Tags: Fed | Jackson | Hole | Bernanke

Experts: Don’t Expect Much From the Fed’s Jackson Hole Meeting

Wednesday, 22 Aug 2012 10:11 AM

By Michael Kling

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If you’re expecting the Federal Reserve to announce a plan to revitalize the economy at its Jackson Hole, Wyo., meeting next week, you’re going to be disappointed, according to experts polled by CNNMoney.

No quantitative easing. No market-moving statements.

“I don’t think he’s going to say anything new,” Catherine Mann, a Brandeis University finance professor and former Fed economist, told CNNMoney.

Editor's Note: 'It’s Curtains for the US' — Hear Unapologetic Warning from Prophetic Economist. 

Financial markets are eagerly anticipating Federal Reserve Chairman Ben Bernanke to make some kind of important monetary policy statement that lays out a path to economic recovery. After all, he’s done that before at Jackson Hole, a Wyoming ski resort town where the Fed holds its closely watched annual meeting. For instance, in 2010 Bernanke revealed a possible second round of quantitative easing.

But not this time. The situation is different this time around.

Although the economy seems to be stuck in the doldrums, some statistics are encouraging. Unemployment remains high, but more workers found jobs in July, retail sales improved and home prices are at last rising, according to CNNMoney.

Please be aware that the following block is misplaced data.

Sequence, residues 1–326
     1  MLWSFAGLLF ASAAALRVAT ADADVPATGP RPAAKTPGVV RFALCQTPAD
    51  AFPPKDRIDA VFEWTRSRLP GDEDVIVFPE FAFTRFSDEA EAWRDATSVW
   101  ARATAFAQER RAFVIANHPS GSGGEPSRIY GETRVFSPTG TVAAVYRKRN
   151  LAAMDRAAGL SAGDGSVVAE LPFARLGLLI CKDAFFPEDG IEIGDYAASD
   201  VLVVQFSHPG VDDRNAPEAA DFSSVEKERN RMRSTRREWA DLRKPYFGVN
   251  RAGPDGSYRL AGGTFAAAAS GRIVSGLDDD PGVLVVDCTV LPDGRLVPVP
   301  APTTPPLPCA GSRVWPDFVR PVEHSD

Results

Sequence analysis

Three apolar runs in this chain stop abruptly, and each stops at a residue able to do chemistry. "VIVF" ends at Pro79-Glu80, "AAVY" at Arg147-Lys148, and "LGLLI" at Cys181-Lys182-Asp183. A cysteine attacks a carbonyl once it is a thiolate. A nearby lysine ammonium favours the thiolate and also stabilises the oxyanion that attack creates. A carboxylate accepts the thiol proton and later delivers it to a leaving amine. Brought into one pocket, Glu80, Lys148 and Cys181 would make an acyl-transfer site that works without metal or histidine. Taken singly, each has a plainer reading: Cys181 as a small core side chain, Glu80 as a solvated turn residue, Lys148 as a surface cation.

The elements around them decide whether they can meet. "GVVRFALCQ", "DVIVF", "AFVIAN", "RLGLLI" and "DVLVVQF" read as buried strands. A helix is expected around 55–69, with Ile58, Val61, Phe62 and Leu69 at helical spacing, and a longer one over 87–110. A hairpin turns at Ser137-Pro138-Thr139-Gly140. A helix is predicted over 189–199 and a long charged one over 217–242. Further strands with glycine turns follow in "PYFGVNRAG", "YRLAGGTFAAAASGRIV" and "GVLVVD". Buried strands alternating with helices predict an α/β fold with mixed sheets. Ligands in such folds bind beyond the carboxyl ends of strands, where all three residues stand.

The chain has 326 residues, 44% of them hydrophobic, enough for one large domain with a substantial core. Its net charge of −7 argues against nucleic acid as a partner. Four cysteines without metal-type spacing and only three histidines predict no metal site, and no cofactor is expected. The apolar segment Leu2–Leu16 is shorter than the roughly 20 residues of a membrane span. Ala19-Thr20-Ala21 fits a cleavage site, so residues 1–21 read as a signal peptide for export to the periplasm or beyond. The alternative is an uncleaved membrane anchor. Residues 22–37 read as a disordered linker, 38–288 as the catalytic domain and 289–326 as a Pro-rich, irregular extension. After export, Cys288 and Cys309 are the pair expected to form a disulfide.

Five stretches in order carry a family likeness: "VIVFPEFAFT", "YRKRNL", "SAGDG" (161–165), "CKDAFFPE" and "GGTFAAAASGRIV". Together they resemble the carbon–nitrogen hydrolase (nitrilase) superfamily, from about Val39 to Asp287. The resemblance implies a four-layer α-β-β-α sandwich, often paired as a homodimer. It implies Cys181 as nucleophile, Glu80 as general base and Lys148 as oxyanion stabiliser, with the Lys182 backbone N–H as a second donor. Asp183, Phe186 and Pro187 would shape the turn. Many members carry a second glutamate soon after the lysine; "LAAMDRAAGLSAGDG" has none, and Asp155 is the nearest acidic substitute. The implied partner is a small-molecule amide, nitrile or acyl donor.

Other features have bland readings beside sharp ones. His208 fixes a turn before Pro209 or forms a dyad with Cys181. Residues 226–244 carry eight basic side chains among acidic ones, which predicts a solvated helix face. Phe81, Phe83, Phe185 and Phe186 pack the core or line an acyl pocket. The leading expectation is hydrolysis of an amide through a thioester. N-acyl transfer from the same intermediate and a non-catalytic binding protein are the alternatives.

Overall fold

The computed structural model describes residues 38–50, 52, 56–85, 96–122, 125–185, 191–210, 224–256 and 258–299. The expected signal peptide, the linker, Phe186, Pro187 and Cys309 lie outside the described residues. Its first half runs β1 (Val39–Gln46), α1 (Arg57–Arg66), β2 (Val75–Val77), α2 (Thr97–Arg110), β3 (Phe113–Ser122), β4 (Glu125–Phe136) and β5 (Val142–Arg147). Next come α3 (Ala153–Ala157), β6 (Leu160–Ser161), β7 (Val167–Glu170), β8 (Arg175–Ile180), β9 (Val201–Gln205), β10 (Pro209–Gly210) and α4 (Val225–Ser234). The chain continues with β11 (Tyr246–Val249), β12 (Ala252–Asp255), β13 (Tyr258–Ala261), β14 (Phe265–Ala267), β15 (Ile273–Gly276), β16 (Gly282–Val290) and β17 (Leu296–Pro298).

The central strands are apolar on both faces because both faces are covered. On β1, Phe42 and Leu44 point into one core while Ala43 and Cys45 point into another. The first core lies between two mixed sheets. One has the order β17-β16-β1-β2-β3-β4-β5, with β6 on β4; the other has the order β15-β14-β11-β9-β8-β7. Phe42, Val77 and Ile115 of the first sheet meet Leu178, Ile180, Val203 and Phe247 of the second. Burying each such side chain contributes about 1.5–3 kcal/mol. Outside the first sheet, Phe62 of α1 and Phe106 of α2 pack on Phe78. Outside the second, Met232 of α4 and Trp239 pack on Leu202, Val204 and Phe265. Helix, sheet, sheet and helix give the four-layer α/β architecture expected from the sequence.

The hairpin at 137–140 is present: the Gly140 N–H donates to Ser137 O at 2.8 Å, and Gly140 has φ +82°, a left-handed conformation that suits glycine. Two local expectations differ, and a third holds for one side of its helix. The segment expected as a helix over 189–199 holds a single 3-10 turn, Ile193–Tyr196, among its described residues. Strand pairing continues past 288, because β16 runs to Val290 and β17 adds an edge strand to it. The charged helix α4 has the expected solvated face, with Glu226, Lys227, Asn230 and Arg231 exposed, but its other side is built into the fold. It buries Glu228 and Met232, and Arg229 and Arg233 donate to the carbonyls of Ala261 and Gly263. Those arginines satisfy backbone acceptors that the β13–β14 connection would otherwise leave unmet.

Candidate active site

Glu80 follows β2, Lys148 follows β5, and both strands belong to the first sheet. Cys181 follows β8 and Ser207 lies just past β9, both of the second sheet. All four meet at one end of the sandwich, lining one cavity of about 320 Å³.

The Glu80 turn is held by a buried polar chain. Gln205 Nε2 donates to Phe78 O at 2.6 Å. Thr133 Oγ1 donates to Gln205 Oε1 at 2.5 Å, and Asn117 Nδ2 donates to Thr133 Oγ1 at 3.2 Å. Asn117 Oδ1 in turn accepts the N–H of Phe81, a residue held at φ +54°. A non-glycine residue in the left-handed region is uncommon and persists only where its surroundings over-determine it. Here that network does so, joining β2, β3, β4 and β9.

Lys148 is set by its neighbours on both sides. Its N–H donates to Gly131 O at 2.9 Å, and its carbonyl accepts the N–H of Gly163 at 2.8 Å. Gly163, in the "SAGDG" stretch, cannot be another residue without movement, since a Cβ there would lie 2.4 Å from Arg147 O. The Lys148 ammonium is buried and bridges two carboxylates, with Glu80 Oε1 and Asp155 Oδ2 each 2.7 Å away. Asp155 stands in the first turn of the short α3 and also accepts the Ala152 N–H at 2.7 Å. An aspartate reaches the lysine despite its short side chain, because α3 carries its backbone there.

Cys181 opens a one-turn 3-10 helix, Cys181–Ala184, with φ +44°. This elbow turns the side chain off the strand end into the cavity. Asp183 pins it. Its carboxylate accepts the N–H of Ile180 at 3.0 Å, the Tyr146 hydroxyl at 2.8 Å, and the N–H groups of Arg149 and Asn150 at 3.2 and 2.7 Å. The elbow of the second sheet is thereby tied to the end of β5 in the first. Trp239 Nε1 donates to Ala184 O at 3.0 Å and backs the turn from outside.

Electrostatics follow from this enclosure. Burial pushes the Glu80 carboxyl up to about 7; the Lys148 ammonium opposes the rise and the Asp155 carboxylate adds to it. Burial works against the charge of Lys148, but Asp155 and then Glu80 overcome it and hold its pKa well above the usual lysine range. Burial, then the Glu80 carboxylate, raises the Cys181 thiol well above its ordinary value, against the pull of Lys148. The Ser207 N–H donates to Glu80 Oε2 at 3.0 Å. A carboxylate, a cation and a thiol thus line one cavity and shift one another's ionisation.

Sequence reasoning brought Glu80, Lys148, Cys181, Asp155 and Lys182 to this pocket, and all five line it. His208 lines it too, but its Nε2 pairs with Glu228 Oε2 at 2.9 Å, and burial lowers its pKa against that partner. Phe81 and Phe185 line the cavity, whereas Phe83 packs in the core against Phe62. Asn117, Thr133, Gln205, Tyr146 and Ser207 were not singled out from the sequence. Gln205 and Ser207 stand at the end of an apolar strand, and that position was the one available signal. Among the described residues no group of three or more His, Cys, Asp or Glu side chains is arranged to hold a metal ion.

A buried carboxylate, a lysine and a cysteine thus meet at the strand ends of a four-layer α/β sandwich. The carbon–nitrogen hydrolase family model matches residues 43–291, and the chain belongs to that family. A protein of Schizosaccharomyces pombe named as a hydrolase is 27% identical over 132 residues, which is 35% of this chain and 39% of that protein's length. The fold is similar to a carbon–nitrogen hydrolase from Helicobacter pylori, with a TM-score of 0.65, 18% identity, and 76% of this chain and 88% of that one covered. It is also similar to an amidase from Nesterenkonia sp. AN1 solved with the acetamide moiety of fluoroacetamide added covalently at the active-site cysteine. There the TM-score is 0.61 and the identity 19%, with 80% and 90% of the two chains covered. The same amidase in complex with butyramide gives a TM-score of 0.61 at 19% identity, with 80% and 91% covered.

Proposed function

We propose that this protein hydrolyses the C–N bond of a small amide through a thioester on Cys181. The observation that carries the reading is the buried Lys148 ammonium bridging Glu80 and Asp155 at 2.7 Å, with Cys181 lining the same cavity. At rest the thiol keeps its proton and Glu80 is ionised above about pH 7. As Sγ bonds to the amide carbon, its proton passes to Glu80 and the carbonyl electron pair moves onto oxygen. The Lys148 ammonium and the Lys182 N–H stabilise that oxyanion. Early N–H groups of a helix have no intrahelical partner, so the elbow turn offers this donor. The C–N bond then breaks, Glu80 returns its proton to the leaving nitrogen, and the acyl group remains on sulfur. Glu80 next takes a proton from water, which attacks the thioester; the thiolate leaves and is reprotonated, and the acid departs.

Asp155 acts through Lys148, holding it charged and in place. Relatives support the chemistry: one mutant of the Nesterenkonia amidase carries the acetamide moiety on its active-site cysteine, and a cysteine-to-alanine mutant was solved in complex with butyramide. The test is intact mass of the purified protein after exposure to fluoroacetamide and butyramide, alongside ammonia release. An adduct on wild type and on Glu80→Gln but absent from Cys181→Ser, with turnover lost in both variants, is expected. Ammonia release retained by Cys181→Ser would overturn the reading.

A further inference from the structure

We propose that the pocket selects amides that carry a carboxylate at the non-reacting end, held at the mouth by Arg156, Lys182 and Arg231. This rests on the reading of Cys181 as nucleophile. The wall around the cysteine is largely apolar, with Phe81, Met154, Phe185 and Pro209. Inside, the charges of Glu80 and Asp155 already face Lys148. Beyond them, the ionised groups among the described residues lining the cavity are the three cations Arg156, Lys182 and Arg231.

The contradictory data confuses the picture.

“There have been mixed signals making it hard to tell what’s going on,” Mark Gertler, a New York University economist, told CNNMoney. “We’re sort of in a gray area. I think Bernanke will make the case that the economy is underperforming, but it’s still hard to tell for sure what direction it’s headed.”

The Fed, which has kept interest rates near zero since 2008, has already done all it can, experts say. The problem is not interest rates, CNNMoney notes, but Europe’s debt crisis, a global slowdown and uncertainty about taxes and spending.

Bernanke’s triage assessment on Aug. 31 can take one of three forms, says David Kotok, chairman and chief investment officer of Cumberland Advisors, writing for Business Insider. He could say the economy is recovering and needs no additional medicine, is stable but needs to continue taking medicine, or that it’s still too sick and needs help immediately.

Bernanke could also be ambiguous and cover all three scenarios and lay out all the conflicting information, Kotok adds.

Editor's Note: 'It’s Curtains for the US' — Hear Unapologetic Warning from Prophetic Economist.

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